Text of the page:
Nikon S70 Review
Last updated on 01/18/2013
The S70 is Nikon's latest flashy touchscreen point-and-shoot--this time, with an OLED display. We called its predecessor, the S60, one of the worst cameras of 2008, but Nikon tightened up the execution this time around and made a much worthier camera.
By Kasia Pilat
If you're anything like me, your digital camera has been through it all—from the occasional mosh pit to family gatherings to a night on the town and back, your camera has been there, capturing every shot you never want to forget. I'm not the most careful with my digital cameras, and that's why a touchscreen camera like the super-chic Coolpix S70 isn't for me. But could easily be the perfect choice for someone who loves toying around with a gadget's endless settings.
Inevitably, the first thing one notices about the S70 is the gigantic 3.5-inch, vibrant OLED touchscreen, which takes up nearly the entire back of the camera. (One also notices how quickly grubby fingerprints show up, too.) The second thing might be the price tag. It generally hovers somewhere around $300, so this innovative product is definitely on the costly side. However, for some, this might be totally worth it.
The S70 is the hipper, more stylish younger brother to the S60, which also had a touchscreen, but apparently not a good one—though not having tried it, I can't personally vouch for this. [We called it one of the worst cameras of 2008 --Ed.] With the S70, Nikon have updated and upgraded the touchscreen's functionality and capabilities. Once you slide the lens cover down the screen lights up and you're ready to go. This one can be completely touch-operated. There is a shutter—the S70's lone button—but you can snap a picture just by tapping the screen.
For beginner or amateur digital photographers, the Easy Auto Mode automatically assesses which settings are best for your photo, a common feature on many digital cameras. The S70 also has more than a dozen scene settings for prime picture snapping in nearly any environment. Most of the settings are also adjustable; for example, the white balance in the portrait, night portrait, beach/snow, night landscape and backlight settings can all be adjusted by sliding up or down the scale on the bottom of the screen. I particularly enjoyed the skin-softening setting for the portrait feature.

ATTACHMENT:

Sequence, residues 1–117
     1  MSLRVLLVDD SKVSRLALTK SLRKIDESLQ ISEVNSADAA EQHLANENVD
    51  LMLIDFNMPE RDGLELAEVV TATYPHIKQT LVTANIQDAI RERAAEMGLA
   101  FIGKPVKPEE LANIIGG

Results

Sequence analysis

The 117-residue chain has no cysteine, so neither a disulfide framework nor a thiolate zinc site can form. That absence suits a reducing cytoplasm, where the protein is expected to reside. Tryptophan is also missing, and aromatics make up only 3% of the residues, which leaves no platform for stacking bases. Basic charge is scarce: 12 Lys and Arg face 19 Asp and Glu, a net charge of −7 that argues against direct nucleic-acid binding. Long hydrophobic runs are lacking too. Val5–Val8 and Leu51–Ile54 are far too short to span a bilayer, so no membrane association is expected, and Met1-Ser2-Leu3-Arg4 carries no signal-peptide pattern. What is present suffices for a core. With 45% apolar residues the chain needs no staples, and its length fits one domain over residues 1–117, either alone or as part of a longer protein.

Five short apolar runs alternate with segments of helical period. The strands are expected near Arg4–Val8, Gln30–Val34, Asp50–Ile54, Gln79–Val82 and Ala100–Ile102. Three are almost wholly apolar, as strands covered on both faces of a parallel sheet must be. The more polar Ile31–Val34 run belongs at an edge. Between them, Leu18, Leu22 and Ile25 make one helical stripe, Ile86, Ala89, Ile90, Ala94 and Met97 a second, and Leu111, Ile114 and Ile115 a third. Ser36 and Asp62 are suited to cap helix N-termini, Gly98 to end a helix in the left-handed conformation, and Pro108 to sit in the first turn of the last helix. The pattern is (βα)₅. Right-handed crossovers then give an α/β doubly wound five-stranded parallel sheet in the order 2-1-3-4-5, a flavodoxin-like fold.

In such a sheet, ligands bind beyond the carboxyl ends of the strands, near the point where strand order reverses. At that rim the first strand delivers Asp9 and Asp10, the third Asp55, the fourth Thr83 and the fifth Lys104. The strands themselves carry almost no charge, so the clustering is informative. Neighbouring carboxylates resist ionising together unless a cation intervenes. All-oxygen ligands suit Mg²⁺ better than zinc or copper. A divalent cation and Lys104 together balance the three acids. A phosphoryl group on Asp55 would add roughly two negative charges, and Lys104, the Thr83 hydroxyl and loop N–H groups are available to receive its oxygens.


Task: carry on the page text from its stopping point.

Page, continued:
One of the most fun (also one of the most unusual) of these modes includes the draw option, which allows you to draw a picture or write a note and save it as a photo. Feel free to let your artistic side shine like I did, or you could also write something along the lines of "PICK TIMMY UP FROM SOCCER PRACTICE" if you happen to be a forgetful mom who happens to enjoy flipping through her digital photos. (It happens.)
Multi-touch fans will most likely love the Nikon's touchscreen settings. Those familiar with the keyboard shortcuts of a Mac laptop's track pad or an iPhone will find navigating around the Nikon S70 a breeze—though that doesn't mean newbies won't. In playback mode for example, sliding a finger across the screen scrolls from one picture to the next. As a shortcut, dragging two fingers across the screen while viewing photos scrolls quickly backward or forward ten pictures. Finally, you can spread or pinch two fingers across the screen in playback to zoom in or out of a photo, respectively. (Spreading simply means sliding your fingers away from each other while touching the screen, while pinching is sliding them back together.) If any of this sounds confusing, the S70 comes with a handy booklet dedicated entirely to the touch screen, so no worries.
Despite being an entirely touch screen camera (or maybe because of it), the S70 is super-compact and thin. It fits easily into your hand or a back pocket, but doesn't feel light and flimsy. It actually has a pretty substantial (but not overwhelming) weight, leading me to think that it could survive a few bumps and scuffles, though we don't recommend testing that theory.
I have a few complaints, some of which may be a deal-breaker for many consumers. The worst part is that performance time leaves something to be desired. Of course, with a camera that can do so much (who doesn't love editing a photo on the camera itself before you even transfer it to your computer?) you've got to expect at least a little lag-time. However, if you're in the market for an ultra-quick camera that comes to life in what seems like no time at all, I'd recommend looking elsewhere. Both focusing and successive shooting on this camera are slower than I'd like, but for simple shooting it's not an overwhelming problem.
It didn't make a difference to me, but the cover on the USB jack on the camera feels like it could easily snap off, which made me pretty nervous.
In a nutshell, the Nikon S70 is an impressive little gadget. It's sleek and chic to look at, and its capability for wide shots paired with its dazzling touch screen is definitely noteworthy, although the photos themselves are no better or worse than most cameras I've tried. For a touchscreen point-and-shoot, it does just fine, but you'll be shelling out a pretty penny.